“I’m a star!” shouts the overjoyed Abiba Bakayoko, an SH6 player from Ivory Coast.
She continues while holding back tears of joy: “The Female Participation Grant has changed my status in life. I never dreamt one day I’d board a plane. When I got the news, I invited all my friends and relatives to see me off at the airport.”
Bakayoko was among seven African athletes fully supported by the BWF Para Badminton Female Participation Grant at last month’s Uganda Para Badminton International and African Para Badminton Championships.
“I used to watch people play Para badminton and desired to join them but my parents prohibited me due to my size,” Bakayoko adds. “It was painful but our coach inspired me not to give up.
“After I joined Para badminton, the level of stigmatisation and discrimination due to my size and gender reduced. We are treated equally and given the same opportunities as our able-bodied counterparts. It goes a long way in boosting our confidence and morale.”
Accompanying Bakayoko from Ivory Coast, also supported by the grant, was the Master’s degree sociology student Maferiman Dosso.
“Unlike my colleagues, I’ve enjoyed moral support from family and friends on my journey as a person living with determination,” said the WH2 athlete. “I was introduced to Para badminton at the university by my coach, and I immediately fell in love.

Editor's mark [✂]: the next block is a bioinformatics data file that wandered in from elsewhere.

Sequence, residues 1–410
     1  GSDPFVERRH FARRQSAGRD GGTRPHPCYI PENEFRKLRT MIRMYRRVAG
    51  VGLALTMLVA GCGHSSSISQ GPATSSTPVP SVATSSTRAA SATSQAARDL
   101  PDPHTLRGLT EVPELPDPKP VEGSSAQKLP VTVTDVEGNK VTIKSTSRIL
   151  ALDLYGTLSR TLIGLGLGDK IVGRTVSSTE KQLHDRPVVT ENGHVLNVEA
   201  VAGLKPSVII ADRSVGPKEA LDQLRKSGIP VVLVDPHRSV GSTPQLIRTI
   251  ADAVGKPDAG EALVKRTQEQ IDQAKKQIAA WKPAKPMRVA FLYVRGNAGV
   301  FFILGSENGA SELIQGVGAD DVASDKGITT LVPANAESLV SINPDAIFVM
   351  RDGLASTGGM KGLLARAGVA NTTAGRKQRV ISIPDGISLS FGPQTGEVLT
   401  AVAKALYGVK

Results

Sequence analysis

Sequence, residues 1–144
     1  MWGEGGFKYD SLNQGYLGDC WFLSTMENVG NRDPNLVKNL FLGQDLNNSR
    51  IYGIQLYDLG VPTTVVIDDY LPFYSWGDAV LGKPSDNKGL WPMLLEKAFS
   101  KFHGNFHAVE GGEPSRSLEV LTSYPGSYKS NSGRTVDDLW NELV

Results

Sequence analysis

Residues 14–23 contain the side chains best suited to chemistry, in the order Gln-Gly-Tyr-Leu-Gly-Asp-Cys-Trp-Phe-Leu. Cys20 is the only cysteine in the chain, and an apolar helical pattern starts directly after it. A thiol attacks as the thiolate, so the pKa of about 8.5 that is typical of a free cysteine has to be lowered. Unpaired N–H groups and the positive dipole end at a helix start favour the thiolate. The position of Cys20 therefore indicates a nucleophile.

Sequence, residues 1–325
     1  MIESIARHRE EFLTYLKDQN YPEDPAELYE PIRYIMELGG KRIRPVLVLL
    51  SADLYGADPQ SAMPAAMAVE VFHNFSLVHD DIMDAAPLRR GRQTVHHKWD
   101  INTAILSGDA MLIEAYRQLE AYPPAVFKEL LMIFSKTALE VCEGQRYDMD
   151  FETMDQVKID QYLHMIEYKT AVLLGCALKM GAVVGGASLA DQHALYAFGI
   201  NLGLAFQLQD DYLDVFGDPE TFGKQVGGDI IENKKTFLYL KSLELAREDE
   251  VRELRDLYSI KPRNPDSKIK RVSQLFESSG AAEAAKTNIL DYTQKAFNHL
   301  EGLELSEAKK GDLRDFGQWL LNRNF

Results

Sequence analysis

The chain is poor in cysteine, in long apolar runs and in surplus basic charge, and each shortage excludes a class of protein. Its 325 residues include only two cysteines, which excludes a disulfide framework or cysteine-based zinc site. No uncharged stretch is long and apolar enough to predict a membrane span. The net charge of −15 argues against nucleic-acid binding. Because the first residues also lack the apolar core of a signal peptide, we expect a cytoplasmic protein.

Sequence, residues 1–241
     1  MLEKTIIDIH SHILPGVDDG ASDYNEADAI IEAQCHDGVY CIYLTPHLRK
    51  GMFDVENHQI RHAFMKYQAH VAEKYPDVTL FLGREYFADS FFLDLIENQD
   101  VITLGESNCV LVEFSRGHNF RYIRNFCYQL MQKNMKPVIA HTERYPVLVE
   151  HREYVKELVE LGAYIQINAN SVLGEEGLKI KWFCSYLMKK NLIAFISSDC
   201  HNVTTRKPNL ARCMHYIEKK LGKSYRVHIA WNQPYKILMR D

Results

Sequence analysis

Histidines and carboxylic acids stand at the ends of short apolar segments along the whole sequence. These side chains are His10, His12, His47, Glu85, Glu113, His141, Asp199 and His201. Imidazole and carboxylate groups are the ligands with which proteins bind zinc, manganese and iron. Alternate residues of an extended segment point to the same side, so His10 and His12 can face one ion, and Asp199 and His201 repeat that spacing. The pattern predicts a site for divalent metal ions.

“It hasn’t been easy to cater financially for my studies and maintain being a full-time athlete, so this opportunity to grow and improve my skills couldn’t have come at a better time.”
Since the inception in 2017 of the Female Participation Grant – aimed at giving opportunities for female athletes to apply for financial support to attend and be Internationally Classified at BWF-sanctioned tournaments annually – BWF has provided scholarships to over 70 players from more than 40 countries.
The uniquely named 18-year-old Central African Republic’s Ketsia Iman Cariane Kolika Ambare is another participant funded by the grant.
“I’ve gained a lot of skills and experience from this support,” said Ambare of the grant that supports BWF’s goal of increasing female participation in Para badminton across all classes.
“I was introduced to Para badminton by a stranger on the streets. I saved his number and forgot about it. A few months later, I came across the number on my phone and decided to call him. Little did I know this was fate. I met my best friend in the team who incidentally has a similar disability, and we are now known as twins.
“My dream is to be the first Central African to win a medal in Para badminton.”
Another recipient, WH1 player Wivine Moyo Bangudulu, a fishmonger in Kinshasa and former Para basketball player, says: “I was earmarked for this support last year, but I had just given birth, so I couldn’t participate.
“Thanks to BWF, we can access such funding, which is encouraging the participation of women in Para badminton.”